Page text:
• The language barrier can and should be addressed.

          As much as I love my mothertongue languages (Spanish and French), the world voted long ago and English is not a bad choice. It is convenient (many speakers already, world’s biggest economy) and easy enough to learn as to still reign as the working language for sharing knowledge.

          If broadband access can be deemed a universal right, and learning code is set to follow, why shouldn’t English lessons be promoted and funded worldwide? Makes sense to me at least.

  3. I’m very interested in this topic. When I started our rare disease organization a few years ago, a rich online community already existed. It had started out on a free bulletin board and had recently migrated to Facebook. The M-CM Network was started with the aim of creating a longitudinal registry, and we don’t have direct peer support functions because we don’t want to compete with this group that pre-dates us and works very well. I now think that this is sort of a happy accident, because it allows us to concentrate more of our efforts on research and let the peer support happen in a more bottom-up way which is, in my opinion, a BETTER way.

    My day job is building out web sites and occasionally online communities, so I am often thinking about 1) how an online rare disease community could be better than what facebook provides 2) what we might do when the time comes to move for whatever reason.

    The thing that burns me most about our Facebook group is that all of the information that people share is practically getting dropped into a black hole. The search on groups is so limited to the point of being almost useless. This is an enormous waste.

    A couple of things work really well about Facebook groups. One is that by default, new posts get emailed to members. If I were going to design a new system, this would be an essential feature. I’m convinced that a lack of email notifications would have a huge negative impact on participation.

    The other thing is something that I don’t think could be replicated in a dedicated system — our group members invariably friend each other. We end up not only seeing each other’s group posts (usually questions about medical issues, or sharing some achievement) but we also learn about each other’s day to day lives. From this we can get a better sense of where other kids are at developmentally and what the day to day issues are as well as how families cope with different things. I consider this level of sharing an incredible and useful gift. I suppose a dedicated system could allow members to share a Facebook profile and members may still friend each other. It’s hard to know if they in fact would – I’d be curious to know if other systems do this and what the results are like.

    This topic has come up on the Genetic Alliance email list and there were few organizations noting that a Facebook group, run by either the organization or by patients not connected to an organization, had superseded some previous communication platform. There were some concerns about controlling information in the groups that are not org-run. I find this to be a very interesting problem. I think it is a communication challenge of organizations to be a trusted source of information. If the patients are sharing poor information, then orgs need to strategize about how to make their information trusted and accessible. I don’t think that controlling the conversation is the answer.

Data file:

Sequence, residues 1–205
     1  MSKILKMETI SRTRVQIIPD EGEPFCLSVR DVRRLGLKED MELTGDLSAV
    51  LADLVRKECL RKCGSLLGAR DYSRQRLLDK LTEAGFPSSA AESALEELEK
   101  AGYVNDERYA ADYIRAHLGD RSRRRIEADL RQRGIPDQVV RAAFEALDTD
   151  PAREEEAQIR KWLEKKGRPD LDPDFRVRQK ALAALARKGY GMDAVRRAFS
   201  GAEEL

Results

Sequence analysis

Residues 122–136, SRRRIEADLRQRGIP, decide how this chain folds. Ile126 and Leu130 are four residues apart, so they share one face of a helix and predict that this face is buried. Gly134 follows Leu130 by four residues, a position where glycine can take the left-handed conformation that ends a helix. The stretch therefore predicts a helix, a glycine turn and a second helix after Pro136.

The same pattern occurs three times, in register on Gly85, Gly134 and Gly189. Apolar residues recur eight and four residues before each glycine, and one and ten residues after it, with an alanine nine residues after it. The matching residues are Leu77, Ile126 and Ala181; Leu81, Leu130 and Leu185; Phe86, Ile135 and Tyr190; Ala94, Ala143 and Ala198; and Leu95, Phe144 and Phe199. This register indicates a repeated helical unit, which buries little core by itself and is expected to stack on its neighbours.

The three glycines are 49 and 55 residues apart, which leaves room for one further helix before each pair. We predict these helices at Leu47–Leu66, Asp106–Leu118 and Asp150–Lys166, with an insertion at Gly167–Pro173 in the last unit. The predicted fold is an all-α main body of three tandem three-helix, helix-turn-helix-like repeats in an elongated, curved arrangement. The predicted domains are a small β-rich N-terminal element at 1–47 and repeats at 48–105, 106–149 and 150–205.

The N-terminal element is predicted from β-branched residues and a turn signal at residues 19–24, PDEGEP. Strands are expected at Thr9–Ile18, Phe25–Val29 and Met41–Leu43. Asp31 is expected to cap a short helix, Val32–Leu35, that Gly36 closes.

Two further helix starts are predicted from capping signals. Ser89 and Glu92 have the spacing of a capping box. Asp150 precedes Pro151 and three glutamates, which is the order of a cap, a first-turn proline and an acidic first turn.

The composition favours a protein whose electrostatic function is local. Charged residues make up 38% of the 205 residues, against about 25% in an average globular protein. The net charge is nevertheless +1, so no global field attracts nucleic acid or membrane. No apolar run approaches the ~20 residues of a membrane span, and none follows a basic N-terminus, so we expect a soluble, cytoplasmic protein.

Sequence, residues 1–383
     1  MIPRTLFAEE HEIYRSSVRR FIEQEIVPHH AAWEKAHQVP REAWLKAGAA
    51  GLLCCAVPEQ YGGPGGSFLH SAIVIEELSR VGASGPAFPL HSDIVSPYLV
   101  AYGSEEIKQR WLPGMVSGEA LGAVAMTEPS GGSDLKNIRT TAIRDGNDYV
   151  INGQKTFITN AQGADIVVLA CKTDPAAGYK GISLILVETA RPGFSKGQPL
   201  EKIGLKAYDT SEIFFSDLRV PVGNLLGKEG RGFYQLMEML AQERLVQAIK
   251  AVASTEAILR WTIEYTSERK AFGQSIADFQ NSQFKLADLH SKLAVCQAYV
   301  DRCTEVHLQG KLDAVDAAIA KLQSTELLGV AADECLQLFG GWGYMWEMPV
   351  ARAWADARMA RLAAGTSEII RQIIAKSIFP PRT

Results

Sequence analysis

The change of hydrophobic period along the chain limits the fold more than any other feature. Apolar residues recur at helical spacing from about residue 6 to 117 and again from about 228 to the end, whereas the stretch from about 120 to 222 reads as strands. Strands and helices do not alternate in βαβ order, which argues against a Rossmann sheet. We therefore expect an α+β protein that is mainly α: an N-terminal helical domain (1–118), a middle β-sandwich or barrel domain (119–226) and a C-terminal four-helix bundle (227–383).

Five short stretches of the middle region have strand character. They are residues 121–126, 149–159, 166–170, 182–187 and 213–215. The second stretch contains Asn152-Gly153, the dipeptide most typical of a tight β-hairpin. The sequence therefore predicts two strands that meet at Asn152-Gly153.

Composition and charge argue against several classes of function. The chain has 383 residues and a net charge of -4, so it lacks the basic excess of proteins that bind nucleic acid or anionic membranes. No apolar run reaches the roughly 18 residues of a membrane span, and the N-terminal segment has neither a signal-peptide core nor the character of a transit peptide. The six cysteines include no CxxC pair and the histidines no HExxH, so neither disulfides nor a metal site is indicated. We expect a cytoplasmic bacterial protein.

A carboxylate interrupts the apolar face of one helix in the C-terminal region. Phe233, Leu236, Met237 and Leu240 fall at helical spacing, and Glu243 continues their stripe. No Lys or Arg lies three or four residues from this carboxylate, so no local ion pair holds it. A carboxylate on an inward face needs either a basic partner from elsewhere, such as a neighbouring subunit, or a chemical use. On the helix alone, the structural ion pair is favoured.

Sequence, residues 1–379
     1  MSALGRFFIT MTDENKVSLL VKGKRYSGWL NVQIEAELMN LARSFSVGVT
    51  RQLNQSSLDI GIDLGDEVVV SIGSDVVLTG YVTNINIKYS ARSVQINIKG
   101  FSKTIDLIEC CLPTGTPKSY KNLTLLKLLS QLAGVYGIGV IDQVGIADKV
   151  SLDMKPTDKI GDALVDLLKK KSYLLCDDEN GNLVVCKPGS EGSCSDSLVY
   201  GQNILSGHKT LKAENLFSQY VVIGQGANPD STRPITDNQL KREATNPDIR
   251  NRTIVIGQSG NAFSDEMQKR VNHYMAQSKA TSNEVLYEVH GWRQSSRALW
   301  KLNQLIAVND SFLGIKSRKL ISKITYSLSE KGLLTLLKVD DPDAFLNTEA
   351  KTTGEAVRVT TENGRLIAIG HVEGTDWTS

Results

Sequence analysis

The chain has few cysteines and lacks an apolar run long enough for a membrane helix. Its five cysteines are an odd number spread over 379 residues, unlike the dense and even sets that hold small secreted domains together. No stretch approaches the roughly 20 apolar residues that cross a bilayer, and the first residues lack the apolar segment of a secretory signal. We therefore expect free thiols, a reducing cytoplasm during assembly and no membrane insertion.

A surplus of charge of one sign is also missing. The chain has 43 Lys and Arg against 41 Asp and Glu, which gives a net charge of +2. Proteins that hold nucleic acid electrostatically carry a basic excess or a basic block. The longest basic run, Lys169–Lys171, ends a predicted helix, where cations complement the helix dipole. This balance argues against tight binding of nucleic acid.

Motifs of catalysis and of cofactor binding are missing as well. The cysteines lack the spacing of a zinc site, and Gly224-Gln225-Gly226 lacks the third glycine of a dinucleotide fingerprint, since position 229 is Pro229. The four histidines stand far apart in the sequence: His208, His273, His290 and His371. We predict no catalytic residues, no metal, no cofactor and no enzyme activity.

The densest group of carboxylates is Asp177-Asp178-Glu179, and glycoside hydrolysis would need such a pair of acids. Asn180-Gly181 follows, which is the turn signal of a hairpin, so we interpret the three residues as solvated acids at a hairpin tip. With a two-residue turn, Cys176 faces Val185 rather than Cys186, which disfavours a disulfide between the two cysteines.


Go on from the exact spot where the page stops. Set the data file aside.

A last note, I belong to the facebook group for my daughter’s very specific and very rare syndrome along with other groups related to characteristics of her syndrome. I find the quality of information in the syndrome group to be much higher than in the groups where characteristics cross diagnoses. For anyone studying online communities, I’d suggest the specificity of the condition represented to be a variable. In the groups for characteristics, there seem to be a lot of undiagnosed people.

    I have encountered some specialized researcher/clinicians who have expressed a reluctance to give a diagnosis for M-CM or some related conditions because they see the condition differently than what is currently published– they either give a vague diagnosis that describes characteristics or give a diagnosis proprietary to their institution. I think this is a huge disservice to patients because it makes it impossible to connect to the valuable resource that an online patient community provides. I would encourage in this situation to give the diagnosis that they are reluctant about but explain to the patient that a lot is unknown and it should be considered provisional or it may change. I think patients can handle that kind of nuance and it doesn’t rob them of the ability to connect with other patients.

  4. When my daughter was diagnosed with Juvenile Dermatomyositis, we found Cure JM online that very day. There was a message board that I read for weeks. I think I read every single post and comment ever written. I asked questions. I felt so relieved to have found this great group. It wasn’t very active though on an ongoing basis and I was hungry for more info and connection.